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Difference between revisions of "Openssl"

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m (New page: OpenSSL is an open source software system that provides the following: * Forensic-grade implementations of the most widely used hash functions. * Symmetric cryptographic functions * Asymme...)
 
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This web page contains step-by-step instructions on using OpenSSL from the command line to perform specific tasks. There are a lot of online OpenSSL guides and we'll try to link to some of them from here. But this page is a handy reference just the same.
 
This web page contains step-by-step instructions on using OpenSSL from the command line to perform specific tasks. There are a lot of online OpenSSL guides and we'll try to link to some of them from here. But this page is a handy reference just the same.
 +
=File Extensions=
 +
OpenSSL doesn't care what you use for file extensions. However, the following extensions to seem to be commonly used:
 +
{|
 +
!File Extension
 +
!Meaning
 +
|-
 +
|.pem
 +
| can contain a private key, public key, or certificate signing request
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|-
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|.crt
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|Windows file extension for a .pem file
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|-
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|.p12
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| a PKCS12 file, which contains a private key and a certificate, encrypted for transport with a passphrase.    This is the format that Windows and MacOS like to import
 +
|}

Revision as of 04:42, 11 October 2008

OpenSSL is an open source software system that provides the following:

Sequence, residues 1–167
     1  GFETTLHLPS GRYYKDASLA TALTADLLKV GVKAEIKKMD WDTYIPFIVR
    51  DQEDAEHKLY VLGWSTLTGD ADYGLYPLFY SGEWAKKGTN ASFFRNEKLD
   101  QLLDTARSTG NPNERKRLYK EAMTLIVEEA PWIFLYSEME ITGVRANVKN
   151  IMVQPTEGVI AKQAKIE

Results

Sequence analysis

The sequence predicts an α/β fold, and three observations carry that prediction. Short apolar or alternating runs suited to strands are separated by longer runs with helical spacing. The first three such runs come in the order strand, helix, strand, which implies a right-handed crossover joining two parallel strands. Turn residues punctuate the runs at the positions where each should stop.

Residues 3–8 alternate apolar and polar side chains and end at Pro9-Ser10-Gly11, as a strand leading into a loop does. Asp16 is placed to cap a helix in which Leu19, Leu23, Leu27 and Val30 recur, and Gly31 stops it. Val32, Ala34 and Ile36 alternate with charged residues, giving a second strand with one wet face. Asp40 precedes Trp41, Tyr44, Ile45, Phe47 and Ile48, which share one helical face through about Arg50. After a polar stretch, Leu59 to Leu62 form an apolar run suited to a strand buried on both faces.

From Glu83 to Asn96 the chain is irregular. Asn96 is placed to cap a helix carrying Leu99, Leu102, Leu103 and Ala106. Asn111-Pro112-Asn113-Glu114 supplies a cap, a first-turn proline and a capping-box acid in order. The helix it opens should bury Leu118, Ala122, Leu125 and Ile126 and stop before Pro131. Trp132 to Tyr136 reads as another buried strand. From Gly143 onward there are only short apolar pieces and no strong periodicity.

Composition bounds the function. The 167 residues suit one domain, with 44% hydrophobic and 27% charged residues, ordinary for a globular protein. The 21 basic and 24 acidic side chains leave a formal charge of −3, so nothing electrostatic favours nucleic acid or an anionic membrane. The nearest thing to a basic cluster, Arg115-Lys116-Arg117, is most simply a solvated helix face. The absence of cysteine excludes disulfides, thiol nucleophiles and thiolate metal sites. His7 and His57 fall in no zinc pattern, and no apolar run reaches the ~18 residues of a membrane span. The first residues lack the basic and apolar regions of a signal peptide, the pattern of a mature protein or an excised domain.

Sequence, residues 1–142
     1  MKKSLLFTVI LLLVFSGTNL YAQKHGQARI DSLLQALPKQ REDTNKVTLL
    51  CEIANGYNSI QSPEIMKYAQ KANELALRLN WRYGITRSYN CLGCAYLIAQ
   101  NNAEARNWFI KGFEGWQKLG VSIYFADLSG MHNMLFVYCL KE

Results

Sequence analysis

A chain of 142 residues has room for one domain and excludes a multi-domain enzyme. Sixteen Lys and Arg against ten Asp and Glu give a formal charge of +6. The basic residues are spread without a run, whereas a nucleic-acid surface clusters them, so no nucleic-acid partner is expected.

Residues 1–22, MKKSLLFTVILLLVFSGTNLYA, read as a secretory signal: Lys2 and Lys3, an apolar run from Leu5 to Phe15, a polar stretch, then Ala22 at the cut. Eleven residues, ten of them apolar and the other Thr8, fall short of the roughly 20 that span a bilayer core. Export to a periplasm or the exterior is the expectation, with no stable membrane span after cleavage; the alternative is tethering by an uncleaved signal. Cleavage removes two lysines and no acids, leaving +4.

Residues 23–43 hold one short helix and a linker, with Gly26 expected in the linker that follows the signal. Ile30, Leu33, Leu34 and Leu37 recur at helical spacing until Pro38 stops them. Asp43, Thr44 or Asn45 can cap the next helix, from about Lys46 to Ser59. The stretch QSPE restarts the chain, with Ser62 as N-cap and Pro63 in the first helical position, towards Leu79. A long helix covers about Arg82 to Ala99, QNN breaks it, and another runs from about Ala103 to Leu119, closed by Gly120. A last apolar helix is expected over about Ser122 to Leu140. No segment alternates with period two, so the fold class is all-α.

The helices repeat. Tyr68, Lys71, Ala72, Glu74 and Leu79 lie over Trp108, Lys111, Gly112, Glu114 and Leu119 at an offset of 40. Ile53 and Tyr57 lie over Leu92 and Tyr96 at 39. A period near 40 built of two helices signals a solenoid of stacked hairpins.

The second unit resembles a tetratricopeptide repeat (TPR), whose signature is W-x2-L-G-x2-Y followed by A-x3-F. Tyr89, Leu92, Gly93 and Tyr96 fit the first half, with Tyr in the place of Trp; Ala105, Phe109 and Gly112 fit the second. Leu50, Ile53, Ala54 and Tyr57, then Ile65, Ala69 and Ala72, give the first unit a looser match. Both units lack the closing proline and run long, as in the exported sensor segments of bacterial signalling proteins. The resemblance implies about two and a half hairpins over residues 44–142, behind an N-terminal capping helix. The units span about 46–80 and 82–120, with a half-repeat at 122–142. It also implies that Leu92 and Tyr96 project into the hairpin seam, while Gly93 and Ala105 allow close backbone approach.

• Forensic-grade implementations of the most widely used hash functions.
  • Symmetric cryptographic functions
  • Asymmetric cryptographic function
  • Certificate management functions
  • A complete S/MIME implementation
  • A complete SSL/TLS implementation

OpenSSL is interesting for forensic practitioners and developers because it provides a basic toolkit for building software, and because the higher-level certificate management functions give you an easy way to decode the contents of certificates that are used to secure computer systems.

This web page contains step-by-step instructions on using OpenSSL from the command line to perform specific tasks. There are a lot of online OpenSSL guides and we'll try to link to some of them from here. But this page is a handy reference just the same.

File Extensions

OpenSSL doesn't care what you use for file extensions. However, the following extensions to seem to be commonly used:

File Extension Meaning
.pem can contain a private key, public key, or certificate signing request
.crt Windows file extension for a .pem file
.p12 a PKCS12 file, which contains a private key and a certificate, encrypted for transport with a passphrase. This is the format that Windows and MacOS like to import